Polioforever's Blog

Germ Theory

http://www.answers.com/topic/germ-theory-of-disease ”

“Meaning #1: the theory that all contagious diseases are caused by microorganisms”

“Robert Koch was the first scientist to devise a series of proofs used to verify the germ theory of disease[1]. Koch’s Postulates were published in 1890, and derived from his work demonstrating that anthrax was caused by the bacterium Bacillus anthracis. These postulates are still used today to help determine if a newly discovered disease is caused by a microorganism.”


 Louis Pasteur (1822 – 1895) http://www.answers.com/topic/louis-pasteur ; “In 1848 French chemist Louis Pasteur discovered that almost all life onEarth is made up of molecules that twist in one direction, also known a being either ‘left-handed’ or ‘right-handed’. For example, amino acids, the building blocks of protein, are almost exclusively left-handed, while sugars are right-handed. …Almost 70 years ago, scientists found that circularly polarized ultraviolet light can destroy one type of molecule, either the left-handed molecules or the right-handed ones, depending on which way the light is polarized.” …”His first original work was done on crystals.” …”Since 1880, immunity against bacterial diseases has been systematically studied. In that year, Pasteur discovered by accident that Bacillus anthracis, cultivated at a temperature of 42 to 43 [degrees]C (108-110 degreesF), lost its virulence after a few generations. Later it was found that animals inoculated with these enfeebled bacteria showed resistance to the virulent bacilli. From this beginning dates the prevention, modification, and treatment of disease by immunization… The notion of a weak form of a disease causing immunity to the virulent version was not new; this had been known for a long time for smallpox… The difference with chicken cholera and anthrax was that the weakened form of the disease organism had been generated artificially, and so a naturally weak form of the disease organism did not need to be found.  This discovery revolutionized work in infectious diseases, and Pasteur gave these artificially weakened diseases the generic name of vaccines, to honor Jenner’s discovery.” www.fjcollazo.com/fjc_publishings/documents/pasteurrpt.htm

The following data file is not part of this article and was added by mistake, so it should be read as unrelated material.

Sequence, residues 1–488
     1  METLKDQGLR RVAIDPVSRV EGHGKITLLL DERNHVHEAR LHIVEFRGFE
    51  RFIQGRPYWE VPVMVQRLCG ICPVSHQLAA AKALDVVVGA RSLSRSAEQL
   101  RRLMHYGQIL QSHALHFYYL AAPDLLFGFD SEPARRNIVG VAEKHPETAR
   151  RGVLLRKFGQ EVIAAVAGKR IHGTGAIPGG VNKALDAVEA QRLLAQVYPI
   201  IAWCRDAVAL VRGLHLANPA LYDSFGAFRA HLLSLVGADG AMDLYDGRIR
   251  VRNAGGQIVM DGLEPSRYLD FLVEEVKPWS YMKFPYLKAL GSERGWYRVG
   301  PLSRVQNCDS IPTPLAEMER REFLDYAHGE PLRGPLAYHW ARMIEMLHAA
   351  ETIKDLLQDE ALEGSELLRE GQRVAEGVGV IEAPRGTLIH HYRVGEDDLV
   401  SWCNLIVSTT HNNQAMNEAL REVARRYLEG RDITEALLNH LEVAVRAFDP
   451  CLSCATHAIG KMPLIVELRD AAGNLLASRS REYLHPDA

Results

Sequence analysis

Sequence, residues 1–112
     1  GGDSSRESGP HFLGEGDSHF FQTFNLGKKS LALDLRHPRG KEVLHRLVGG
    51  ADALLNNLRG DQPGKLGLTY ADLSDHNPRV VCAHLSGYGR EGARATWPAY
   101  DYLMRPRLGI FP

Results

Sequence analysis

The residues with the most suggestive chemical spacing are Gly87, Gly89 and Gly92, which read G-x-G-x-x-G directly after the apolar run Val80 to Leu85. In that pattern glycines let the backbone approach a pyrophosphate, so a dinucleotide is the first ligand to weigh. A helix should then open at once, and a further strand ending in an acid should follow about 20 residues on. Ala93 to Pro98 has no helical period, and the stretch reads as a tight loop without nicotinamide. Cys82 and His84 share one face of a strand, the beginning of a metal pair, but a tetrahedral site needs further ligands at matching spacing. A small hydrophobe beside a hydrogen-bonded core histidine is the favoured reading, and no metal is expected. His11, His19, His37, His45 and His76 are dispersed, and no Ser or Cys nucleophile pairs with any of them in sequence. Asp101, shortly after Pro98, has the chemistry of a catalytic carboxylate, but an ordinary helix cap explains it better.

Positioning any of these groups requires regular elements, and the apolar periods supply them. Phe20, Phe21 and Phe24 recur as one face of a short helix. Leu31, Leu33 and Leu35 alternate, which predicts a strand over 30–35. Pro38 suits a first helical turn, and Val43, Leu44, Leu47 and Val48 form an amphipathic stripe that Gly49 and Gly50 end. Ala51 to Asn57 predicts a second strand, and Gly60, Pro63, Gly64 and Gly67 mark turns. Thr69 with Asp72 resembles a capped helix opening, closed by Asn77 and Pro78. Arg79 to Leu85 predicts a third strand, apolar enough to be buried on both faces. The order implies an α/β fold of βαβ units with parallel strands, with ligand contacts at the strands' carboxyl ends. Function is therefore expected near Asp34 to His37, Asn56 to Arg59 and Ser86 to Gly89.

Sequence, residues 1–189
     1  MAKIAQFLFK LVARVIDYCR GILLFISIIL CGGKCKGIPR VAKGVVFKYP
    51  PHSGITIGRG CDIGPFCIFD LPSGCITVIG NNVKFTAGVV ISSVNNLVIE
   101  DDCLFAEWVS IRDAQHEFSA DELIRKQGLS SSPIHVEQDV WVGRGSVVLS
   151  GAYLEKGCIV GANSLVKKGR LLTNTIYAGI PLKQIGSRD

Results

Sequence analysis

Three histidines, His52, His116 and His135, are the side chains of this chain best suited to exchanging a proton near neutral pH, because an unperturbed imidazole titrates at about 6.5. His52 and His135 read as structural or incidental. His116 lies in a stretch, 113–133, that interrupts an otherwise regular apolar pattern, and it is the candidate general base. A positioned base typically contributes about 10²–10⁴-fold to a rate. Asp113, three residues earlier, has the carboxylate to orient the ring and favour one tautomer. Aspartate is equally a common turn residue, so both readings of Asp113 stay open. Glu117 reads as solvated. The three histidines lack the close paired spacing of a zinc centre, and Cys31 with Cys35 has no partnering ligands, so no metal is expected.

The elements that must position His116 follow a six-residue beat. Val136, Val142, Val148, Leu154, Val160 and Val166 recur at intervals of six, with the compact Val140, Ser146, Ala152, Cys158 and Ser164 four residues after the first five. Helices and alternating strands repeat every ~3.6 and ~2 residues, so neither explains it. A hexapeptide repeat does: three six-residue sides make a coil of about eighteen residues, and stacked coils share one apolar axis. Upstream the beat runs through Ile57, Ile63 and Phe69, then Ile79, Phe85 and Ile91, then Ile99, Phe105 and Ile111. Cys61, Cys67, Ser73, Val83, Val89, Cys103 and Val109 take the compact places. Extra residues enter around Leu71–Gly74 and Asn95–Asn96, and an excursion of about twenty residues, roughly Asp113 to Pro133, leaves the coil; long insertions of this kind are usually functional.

Institut Pasteur:  “The Squadron of the -Hundred Guards – of the Emperor was founded on March 24th 1854 by Napoleon III. They were a -corps d’elite- whose responsibility was to guard the Emperor in person and to serve within the Imperial Palace. When the Emperor was at Saint-Cloud, the -Hundred Guards- were housed in a building especially designed for their purposes. After the capitulation of Sedan, the Republic took possession of all imperial residences and put some ofthe Saint-Cloud property at the disposal of Louis Pasteur in 1885 for research purposes. He set up a laboratory and used part of the building as his summer residence. It was in fact in this very same building that he died in 1895. Today, a Museum of Applied Research and the Head Office of Pasteur Merieux Serums & Vaccins are located within these same walls.” http://quod.lib.umich.edu/cgi/t/text/text-idx?c=cohenaids;cc=cohenaids;rgn=main;view=text;idno=5571095.0057.001

 Robert Koch (1843 – 1910) http://www.answers.com/topic/robert-koch